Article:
The Menin Gate, designed by Sir Reginald Blomfield, stands at the eastern edge of the town of Ypres [now Ieper] on the road where tens of thousands of British and Commonwealth troops marched out to the trenches of the front line of The Salient. A salient is part of a line that bulges out into the enemy's line.
In the early weeks of WW1 there was a 'race to the sea' as the German army tried to outflank the British Expeditionary Force. They did not succeed and the subsequent stalemate resulted in the front lines becoming stationary in the trench system that characterised most of the war.
In this most northerly sector of the front, the line ran from Nieupoort on the coast due south towards Armentières, 35 miles away. But at the town of Ypres the line bulged east to form the salient some 5 miles deep. The German lines occupied the Passchendaele Ridge, which formed the perimeter of the salient. Ypres, lying in the cente of this shallow bowl, was shelled daily for the entire war.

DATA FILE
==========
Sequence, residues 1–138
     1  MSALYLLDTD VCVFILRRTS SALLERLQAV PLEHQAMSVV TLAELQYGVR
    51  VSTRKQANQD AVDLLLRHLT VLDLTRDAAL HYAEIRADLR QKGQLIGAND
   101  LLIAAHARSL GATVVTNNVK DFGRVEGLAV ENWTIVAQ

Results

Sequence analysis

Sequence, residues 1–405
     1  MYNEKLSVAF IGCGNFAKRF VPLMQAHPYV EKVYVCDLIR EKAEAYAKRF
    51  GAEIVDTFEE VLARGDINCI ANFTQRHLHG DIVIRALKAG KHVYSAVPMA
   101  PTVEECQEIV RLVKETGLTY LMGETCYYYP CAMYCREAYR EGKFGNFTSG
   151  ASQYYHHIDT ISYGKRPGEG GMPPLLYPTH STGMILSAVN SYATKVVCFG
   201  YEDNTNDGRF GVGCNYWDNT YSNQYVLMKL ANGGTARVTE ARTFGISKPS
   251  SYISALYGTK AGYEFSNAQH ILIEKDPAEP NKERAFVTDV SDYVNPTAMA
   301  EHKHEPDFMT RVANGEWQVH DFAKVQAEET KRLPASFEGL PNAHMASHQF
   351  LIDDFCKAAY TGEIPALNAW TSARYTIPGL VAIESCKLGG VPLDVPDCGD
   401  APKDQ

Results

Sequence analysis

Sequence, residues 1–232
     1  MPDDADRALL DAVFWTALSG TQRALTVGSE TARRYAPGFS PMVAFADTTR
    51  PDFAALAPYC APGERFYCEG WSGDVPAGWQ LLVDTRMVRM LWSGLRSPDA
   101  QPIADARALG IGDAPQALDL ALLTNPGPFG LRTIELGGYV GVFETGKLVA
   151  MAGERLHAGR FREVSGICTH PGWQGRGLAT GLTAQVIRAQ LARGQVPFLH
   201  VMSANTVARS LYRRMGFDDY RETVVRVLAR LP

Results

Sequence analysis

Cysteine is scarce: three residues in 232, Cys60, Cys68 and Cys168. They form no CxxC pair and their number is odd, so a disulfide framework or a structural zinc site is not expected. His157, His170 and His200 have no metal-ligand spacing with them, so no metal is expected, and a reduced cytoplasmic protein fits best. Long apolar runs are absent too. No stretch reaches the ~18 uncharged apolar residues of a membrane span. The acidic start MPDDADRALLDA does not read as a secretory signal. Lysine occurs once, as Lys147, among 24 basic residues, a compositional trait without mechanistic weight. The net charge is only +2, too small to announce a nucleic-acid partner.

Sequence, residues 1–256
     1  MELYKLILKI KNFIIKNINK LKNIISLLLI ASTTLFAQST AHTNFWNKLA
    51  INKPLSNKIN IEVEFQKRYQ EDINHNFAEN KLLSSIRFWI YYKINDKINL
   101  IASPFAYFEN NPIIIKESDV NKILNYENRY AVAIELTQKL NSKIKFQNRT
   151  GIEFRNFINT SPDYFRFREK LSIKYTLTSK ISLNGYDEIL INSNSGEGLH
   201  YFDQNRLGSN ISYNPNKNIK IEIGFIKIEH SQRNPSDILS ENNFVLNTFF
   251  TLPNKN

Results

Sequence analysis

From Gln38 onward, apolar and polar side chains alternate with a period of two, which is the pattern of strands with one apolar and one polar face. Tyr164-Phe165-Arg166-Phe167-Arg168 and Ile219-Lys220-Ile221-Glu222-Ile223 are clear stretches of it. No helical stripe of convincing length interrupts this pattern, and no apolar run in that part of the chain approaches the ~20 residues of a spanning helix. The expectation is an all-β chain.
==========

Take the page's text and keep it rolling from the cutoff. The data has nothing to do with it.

It was imperative to hold Ypres. If the Germans had been able to break through they could have turned south and 'rolled up' the Britsh lines and then the French lines, south of the Somme river.
The Ypres Salient was the scene of 5 major offensives by either side. From October 1914 to October 1918 nearly 200,000 British and Commonwealth sildiers were killed. The Menin Gate commemorates 'the missing' - more than 54,000 of those who have no known grave.
When the panels of The Menin Gate could take no more names, some 35,000 more were commemorated at Tyne Cot cemetary 6 miles away.